We need to build a server that can communicate with some embedded devices running a variant of Android. We need to be able to send commands to the device, and receive a response. A simple command might be asking the device for it's status. We won't have HTTP, so we need to have the client/device establish a connection with the server.

We were considering using MQTT as it has a lot of nice properties (QoS, lightweight, built for IoT), but it doesn't natively support a request response workflow.

We have considered building RPC on top of MQTT, but before we do I just wanted peoples thoughts on the matter. Would Websockets, WAMP, ZeroMQ be a better approach?


Q1: Do we even need RPC?

Q2: Is there an approach to building systems where I always send async type messages and still provide a good user experience?

Q3: Any examples?

Looking for implementation examples and hands on experience of building an IoT communication system beyond a toy example with a single device.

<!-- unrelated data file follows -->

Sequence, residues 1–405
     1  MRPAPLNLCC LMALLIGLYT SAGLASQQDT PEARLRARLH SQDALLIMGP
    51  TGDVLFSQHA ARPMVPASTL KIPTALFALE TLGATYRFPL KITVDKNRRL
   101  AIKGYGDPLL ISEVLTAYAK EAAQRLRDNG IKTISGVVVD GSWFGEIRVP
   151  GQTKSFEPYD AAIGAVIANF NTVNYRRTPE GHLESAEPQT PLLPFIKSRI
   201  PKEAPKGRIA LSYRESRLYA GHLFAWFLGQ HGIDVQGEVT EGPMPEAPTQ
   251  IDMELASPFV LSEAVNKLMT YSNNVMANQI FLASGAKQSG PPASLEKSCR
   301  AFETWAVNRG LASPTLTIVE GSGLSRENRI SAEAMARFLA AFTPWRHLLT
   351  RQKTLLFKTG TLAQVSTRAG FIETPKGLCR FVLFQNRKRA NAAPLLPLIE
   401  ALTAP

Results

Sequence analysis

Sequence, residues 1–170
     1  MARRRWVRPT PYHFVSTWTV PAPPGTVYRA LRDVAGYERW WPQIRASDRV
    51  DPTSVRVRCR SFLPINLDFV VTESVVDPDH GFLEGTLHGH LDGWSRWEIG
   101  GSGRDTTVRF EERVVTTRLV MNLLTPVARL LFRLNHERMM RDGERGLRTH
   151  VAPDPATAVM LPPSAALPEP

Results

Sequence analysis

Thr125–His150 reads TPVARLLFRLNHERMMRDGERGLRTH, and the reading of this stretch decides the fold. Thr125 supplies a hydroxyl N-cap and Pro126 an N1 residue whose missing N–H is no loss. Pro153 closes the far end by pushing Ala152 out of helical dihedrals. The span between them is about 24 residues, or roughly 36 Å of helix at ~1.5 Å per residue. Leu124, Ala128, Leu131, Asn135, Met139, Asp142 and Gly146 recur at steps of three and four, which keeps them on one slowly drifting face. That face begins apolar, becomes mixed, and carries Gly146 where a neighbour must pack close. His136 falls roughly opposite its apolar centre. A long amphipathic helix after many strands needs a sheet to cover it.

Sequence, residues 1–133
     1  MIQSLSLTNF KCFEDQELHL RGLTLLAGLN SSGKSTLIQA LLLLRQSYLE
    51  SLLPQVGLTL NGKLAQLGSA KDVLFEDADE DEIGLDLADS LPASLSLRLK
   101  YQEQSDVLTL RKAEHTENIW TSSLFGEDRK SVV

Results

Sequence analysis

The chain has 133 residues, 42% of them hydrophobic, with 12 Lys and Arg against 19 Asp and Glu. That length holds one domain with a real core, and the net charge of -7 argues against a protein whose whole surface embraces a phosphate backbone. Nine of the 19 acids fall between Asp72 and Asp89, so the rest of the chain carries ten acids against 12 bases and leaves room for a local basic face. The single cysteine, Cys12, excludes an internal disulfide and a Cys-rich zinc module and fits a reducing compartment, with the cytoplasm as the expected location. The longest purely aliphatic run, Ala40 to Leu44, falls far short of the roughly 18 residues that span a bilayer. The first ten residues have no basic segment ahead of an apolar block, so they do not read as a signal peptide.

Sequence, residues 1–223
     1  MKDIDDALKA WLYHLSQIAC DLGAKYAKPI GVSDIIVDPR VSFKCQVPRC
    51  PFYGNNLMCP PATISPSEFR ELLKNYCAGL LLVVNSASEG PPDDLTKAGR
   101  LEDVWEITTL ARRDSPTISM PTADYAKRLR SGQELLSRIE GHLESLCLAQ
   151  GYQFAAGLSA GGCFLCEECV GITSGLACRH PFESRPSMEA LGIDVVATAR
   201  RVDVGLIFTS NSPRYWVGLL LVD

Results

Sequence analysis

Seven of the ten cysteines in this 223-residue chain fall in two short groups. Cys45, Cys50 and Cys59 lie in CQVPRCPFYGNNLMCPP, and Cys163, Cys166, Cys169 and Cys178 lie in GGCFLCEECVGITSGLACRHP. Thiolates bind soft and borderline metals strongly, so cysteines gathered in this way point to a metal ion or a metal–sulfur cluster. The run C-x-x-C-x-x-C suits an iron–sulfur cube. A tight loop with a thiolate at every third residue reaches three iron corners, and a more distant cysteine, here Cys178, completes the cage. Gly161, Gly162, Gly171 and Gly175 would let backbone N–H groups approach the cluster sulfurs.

"one-size-fits-all" may sound as a "smart" slogan for T-shirts
but causes nightmare for ex-post attempts
to fix poorly designed architectures
once real-world implementations scale

"right-sizing" and "Minimum-Viable-Product" strategies for just-enough designs have much better chance to survive IoT scales and to keep costs-of-adaptation acceptable ( take just the scales of the recent VW global device firmware update, expected to have about -2.5% to -3.0% GDP adverse impacts on Germany and automotive supply chains in Hungary and former Czechoslovakia regions - Yes, co$t$ matter in IoT domain more than just the trivial count$.)

A smart-fit tool for IoT domain-specific architecture is a must

A first thing that ought to be born in mind is the fact, that IoT domain is by several orders of magnitude different from scales of the classical legacy computing architectures. Minimised local-resources ( by design, also mentioned above ), massive scales/counts with uncontrolled concurrency, immense synchronisation complications for true parallelism ( if such system design is needed ), ref.: a PARALLEL v/s CONCURRENT SEQUENTIAL Disambiguation Link.

Thus a proper selection of tools is needed in context with this given state.